“Creating an innovation corridor in Surrey and up the Fraser Valley will create good jobs, attract talent, reduce commute times and raise the standard of living,” said Premier John Horgan, who was at SFU Surrey Wednesday to make the funding announcement. “Working with our partners, we will create an innovation hub where companies and talent will cluster, supporting our goal of a strong, sustainable economy that benefits the entire province.”

The provincial government says the Quantum Algorithms Institute will “will draw on B.C.’s world-class research work and globally recognized companies and will develop a new graduate degree program in quantum computing.” It will also “help secure B.C.’s talent pool in quantum computing and support technological advances that will benefit every sector of the economy.”

A government release describes quantum computing as “an emerging technology that uses quantum mechanics to improve the ability to solve problems at a much faster rate than conventional computers and does so using far less energy.”

While conventional computers store information using bits represented by zeroes or ones, quantum computers use quantum bits, or “qubits,” to encode information as zeroes, ones or both at the same time, allowing for much faster computational time.

There is already work being done in the field at SFU, UBC and UVIC, and several B.C. companies are commercially active in quantum computing, such as D-Wave, 1Qbit, Fujitsu, IBM and Microsoft. Although, the technology is largely still pre-commercial.

The provincial government says B.C. is “working to be the jurisdiction that helps advance quantum computing from research through to transformative technology.”

homelessphoto

Andrew Petter, SFU’s president and vice-chancellor, said the announcement makes “Bing Thom’s dream, tomorrow’s reality.” Thom was the man behind Surrey’s City Centre transformation.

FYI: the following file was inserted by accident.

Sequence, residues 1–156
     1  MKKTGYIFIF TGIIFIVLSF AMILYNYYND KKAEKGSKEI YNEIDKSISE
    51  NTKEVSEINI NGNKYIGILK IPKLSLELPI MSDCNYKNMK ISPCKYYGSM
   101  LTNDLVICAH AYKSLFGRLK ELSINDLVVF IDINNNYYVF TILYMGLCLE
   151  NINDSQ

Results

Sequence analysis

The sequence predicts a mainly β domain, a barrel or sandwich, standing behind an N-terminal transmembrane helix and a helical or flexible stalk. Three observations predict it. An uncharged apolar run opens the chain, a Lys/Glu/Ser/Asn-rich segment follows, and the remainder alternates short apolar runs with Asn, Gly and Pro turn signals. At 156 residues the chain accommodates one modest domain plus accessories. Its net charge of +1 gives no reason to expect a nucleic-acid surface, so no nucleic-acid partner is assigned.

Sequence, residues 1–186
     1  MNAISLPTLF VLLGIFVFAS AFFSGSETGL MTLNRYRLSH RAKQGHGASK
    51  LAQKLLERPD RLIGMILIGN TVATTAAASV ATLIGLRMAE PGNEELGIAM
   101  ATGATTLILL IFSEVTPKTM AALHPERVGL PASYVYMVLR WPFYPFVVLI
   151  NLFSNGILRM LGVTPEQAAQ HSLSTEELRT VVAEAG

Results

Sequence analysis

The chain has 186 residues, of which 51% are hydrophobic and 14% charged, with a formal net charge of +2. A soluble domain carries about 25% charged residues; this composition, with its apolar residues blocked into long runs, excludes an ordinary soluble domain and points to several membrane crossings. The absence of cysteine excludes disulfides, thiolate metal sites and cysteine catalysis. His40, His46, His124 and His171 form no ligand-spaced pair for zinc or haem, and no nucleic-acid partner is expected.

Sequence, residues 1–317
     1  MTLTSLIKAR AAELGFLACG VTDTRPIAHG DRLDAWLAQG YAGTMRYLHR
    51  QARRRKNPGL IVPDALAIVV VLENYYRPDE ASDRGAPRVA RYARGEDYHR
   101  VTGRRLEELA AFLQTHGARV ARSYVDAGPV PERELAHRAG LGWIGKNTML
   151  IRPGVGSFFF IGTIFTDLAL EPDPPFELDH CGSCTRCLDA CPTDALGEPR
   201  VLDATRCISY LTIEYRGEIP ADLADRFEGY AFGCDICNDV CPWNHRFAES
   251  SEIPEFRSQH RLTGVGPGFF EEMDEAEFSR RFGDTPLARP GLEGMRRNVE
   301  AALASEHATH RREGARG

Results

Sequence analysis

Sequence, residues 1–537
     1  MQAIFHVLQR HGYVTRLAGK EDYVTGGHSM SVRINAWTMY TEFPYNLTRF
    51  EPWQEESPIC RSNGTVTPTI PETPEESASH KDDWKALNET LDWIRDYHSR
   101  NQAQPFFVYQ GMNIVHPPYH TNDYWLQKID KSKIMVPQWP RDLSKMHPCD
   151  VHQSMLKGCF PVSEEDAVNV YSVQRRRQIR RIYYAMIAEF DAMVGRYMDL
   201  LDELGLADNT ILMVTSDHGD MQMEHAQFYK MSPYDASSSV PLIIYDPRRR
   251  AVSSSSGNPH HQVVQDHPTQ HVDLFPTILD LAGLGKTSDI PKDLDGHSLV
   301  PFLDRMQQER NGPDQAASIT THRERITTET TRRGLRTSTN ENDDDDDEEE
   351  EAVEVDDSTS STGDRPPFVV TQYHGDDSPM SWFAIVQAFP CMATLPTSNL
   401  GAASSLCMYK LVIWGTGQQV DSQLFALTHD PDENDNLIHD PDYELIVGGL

“He believed that combining a research university with an office tower and a shopping mall would start the process of transforming this area from a struggling suburb as it then was, to a dynamic city centre as it is now on its way to becoming,” Petter said.

The Quantum Algorithm Institute being established at SFU Surrey will draw on the talents and capacities of B.C.’s universities… because we will be working as universities in partnership with government and industry to help establish this province as a leader in quantum computing technologies.”

Mayor Doug McCallum said Surrey’s City Centre area has established itself as a “hub for innovation and higher learning.”

“Our location, along with our expertise and experience make Surrey the ideal place to advance technology and innovation in the province,” McCallum added. “City council and I look forward to working closely with the B.C. government to expedite this visionary project that will benefit not only the people of Surrey, but all who call B.C. home.”

The creation of the institute was based on goals outlined in the Tech and Innovation Policy Framework and the provincial government says it’s “one of the many ways B.C. will be investing to grow the Surrey Innovation Corridor.”